tendencies. Writes Newcomb: "Cognitive theory posits that how we conceive
(think) of something predetermines how we will behave toward that thing.
Thus, the imaginative American conception of Indians as 'beasts of prey'
led to very specific kinds of pathological behavior consistent with that
mental image (thought, or idea)." Such behavior was demonstrated in the
abuse and killing of Indians while compulsively stealing massive amounts of
their lands and resources writes Newcomb. Remarkably, the irrational
thinking that enabled such injustices to occur still serves as the
foundation of federal law dealing with American Indians.
Preeminent scholar of world cultural history and American Indian
philosopher John Mohawk points us to the "peculiarly American version of
Christianity," which induced the self-identification of early Americans as
new Israelites, "a Chosen people," entitled by virtue of discovery to "all
the riches of the world." Mohawk links this belief to the version of
American nationalism currently constructed by the neo-conservative wing in
America. Mohawk: "Here you find the roots of America's go-it-alone,
treaty-breaking, empire building, xenophobic us-against-them psychology."
Most Americans don't believe the mythical credo of manifest destiny, says
Mohawk, but the much louder true-believer minority is always ready to take
the reins of power. These intimidate the media who do not analyze whether
things are true or not, as much as whether they reinforce the mythical
claim of American "infallibility." Mohawk warns that while the most
Americans, who are capable of thinking through such issues, "Rational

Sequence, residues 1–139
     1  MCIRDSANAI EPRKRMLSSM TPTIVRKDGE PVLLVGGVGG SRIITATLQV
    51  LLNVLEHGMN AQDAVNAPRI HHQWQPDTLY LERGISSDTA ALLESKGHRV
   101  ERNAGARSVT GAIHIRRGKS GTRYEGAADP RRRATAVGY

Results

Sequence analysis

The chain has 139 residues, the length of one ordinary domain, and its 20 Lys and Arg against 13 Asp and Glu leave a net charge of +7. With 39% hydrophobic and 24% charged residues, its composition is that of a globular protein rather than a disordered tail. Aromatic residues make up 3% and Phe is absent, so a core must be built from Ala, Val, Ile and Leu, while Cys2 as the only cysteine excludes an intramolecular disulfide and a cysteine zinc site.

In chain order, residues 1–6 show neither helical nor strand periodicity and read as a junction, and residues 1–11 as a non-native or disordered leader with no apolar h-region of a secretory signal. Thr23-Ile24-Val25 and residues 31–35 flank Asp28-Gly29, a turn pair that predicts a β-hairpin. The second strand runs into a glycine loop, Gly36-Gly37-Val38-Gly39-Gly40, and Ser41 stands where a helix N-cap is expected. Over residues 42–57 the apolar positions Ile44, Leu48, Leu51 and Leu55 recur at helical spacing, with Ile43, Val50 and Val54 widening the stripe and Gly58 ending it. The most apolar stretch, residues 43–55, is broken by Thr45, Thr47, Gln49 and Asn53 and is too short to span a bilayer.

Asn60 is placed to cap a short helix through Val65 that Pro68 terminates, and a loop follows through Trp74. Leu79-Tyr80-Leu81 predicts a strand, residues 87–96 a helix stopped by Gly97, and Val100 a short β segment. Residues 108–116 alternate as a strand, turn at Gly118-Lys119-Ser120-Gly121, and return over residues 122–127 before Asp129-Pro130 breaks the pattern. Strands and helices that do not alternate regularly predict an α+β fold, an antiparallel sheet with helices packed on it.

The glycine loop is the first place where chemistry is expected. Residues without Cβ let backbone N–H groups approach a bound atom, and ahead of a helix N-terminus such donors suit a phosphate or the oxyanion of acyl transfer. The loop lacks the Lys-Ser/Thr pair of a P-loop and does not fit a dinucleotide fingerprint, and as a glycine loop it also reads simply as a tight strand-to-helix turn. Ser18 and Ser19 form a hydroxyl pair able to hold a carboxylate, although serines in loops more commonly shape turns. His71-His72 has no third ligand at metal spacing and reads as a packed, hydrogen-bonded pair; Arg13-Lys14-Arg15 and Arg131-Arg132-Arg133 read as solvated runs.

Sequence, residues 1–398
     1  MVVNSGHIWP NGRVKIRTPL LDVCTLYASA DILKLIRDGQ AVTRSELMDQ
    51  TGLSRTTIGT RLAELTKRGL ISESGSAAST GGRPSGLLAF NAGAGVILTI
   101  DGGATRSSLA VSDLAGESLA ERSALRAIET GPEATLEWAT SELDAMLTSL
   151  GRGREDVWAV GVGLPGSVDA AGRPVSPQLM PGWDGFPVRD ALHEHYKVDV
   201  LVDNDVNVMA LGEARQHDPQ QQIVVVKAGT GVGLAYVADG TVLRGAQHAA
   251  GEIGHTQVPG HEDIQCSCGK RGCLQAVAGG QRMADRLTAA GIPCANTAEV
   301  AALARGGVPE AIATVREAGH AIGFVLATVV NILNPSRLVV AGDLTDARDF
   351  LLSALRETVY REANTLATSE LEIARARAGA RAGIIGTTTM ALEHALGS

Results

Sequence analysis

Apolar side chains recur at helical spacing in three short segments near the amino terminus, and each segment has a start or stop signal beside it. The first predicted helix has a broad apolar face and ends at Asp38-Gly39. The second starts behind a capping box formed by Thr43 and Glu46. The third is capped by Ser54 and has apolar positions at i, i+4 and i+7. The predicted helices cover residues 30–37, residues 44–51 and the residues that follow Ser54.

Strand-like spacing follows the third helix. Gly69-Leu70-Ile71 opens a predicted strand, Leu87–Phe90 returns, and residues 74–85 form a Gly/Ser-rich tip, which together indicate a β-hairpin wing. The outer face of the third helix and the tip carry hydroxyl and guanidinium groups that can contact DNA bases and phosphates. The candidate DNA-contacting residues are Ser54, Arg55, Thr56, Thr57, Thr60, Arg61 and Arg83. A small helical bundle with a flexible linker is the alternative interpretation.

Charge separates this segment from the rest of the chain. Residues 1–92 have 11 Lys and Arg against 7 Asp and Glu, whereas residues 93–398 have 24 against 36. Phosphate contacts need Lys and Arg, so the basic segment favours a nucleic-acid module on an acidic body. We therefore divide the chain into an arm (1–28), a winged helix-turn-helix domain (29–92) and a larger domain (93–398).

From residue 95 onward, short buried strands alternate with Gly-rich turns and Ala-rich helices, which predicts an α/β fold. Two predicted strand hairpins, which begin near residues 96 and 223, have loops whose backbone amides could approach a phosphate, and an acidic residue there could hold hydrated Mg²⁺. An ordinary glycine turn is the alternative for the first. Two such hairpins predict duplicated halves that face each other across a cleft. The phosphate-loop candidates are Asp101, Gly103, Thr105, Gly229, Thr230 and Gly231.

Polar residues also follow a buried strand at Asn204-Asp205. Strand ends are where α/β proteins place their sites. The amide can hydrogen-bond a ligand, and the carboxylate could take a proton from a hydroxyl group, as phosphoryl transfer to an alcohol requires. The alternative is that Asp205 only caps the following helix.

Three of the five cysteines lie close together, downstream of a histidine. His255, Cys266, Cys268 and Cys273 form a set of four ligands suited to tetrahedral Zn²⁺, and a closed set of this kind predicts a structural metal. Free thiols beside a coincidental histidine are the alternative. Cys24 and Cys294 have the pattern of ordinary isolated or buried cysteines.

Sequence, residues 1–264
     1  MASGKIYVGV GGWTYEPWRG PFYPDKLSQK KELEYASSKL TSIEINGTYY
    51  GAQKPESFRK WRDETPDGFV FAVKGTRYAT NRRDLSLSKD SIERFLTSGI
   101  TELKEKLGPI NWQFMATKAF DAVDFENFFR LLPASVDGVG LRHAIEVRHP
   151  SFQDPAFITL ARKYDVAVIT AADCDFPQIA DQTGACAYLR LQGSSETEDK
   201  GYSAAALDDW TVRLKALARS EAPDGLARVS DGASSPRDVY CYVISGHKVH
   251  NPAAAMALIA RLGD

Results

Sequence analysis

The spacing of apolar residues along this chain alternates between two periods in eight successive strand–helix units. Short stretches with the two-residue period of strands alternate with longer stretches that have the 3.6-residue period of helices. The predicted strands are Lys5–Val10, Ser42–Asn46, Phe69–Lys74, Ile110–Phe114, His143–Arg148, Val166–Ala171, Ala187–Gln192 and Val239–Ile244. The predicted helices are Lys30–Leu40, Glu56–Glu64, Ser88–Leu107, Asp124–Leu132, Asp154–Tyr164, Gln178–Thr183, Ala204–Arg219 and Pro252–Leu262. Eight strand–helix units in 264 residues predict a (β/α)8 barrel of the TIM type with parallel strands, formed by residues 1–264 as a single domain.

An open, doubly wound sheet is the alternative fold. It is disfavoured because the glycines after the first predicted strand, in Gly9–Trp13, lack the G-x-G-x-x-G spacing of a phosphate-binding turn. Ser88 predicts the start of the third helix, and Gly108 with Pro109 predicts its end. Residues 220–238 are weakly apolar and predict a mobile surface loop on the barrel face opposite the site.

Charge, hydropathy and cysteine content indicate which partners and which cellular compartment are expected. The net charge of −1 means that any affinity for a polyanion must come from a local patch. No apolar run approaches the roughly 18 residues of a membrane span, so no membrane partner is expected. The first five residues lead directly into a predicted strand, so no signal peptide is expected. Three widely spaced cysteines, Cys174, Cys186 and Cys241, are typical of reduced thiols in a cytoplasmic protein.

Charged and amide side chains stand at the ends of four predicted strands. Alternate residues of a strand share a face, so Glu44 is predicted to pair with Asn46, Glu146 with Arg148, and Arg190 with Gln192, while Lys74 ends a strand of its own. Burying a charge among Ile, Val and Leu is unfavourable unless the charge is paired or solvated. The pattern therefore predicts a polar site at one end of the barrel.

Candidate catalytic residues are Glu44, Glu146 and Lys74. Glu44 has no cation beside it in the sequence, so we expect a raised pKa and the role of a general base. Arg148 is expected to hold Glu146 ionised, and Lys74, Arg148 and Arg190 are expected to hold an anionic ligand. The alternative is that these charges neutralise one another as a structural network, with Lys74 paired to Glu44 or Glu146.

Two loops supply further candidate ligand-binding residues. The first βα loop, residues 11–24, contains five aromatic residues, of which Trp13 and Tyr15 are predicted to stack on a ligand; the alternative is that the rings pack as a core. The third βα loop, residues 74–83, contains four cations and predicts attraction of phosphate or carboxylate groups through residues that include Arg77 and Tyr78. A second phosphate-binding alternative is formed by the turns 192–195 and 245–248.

America" as he describes them, are nonetheless "dangerously tolerant of
Other contributors land on the "Doctrine of Discovery," which emerges from
the concept of "the chosen people" gaining title to lands and resources by
right of claiming it from the "heathen" or non-Christian peoples. This,
amazingly, is the doctrine that defines the fundamental American legal
policy with American Indians known as American Indian Law. "The entire
Western Hemisphere was deemed to be terra nullius - 'vacant land,'"
according to contributing columnist Steven McSloy. McSloy writes,
"Americans thought themselves, "the 'chosen people,' with a 'Manifest
Destiny' to own the continent." Christian sects and religions diversified
and warred among each other, confounding everything even more. From a
traditional Indian spiritual perspective, one complaint is central:
fundamentalist Christians will claim that only through Jesus can a human
being be "saved" - ie., have spiritual life, after death. This denies the
direct, Creator or Creation-driven belief systems, prayers and practices of
traditional non-Christian ceremonies, which are very seriously prescribed
and practiced in Indian country.
This discussion might seem dull to some, but Indian leaders call for it
because the fundamentals of the thinking that has historically been arrayed
against Native peoples is formidable and remains active. We can only
educate ourselves if we aspire to accurately communicate with those who
deny our histories, cultures and identities. We hope it is also refreshing
to those Americans who in recent years have felt beaten over the head by
the loud and nationally prominent Christian political missionary movement.
There are a lot of assumptions worth challenging in the Christian-based
argumentation aimed at Indian circles. A humble step back from arrogance of
Western cultural beliefs in these matters, not to mention the intellectual
chasm that renders these beliefs groundless, remains a welcome gesture.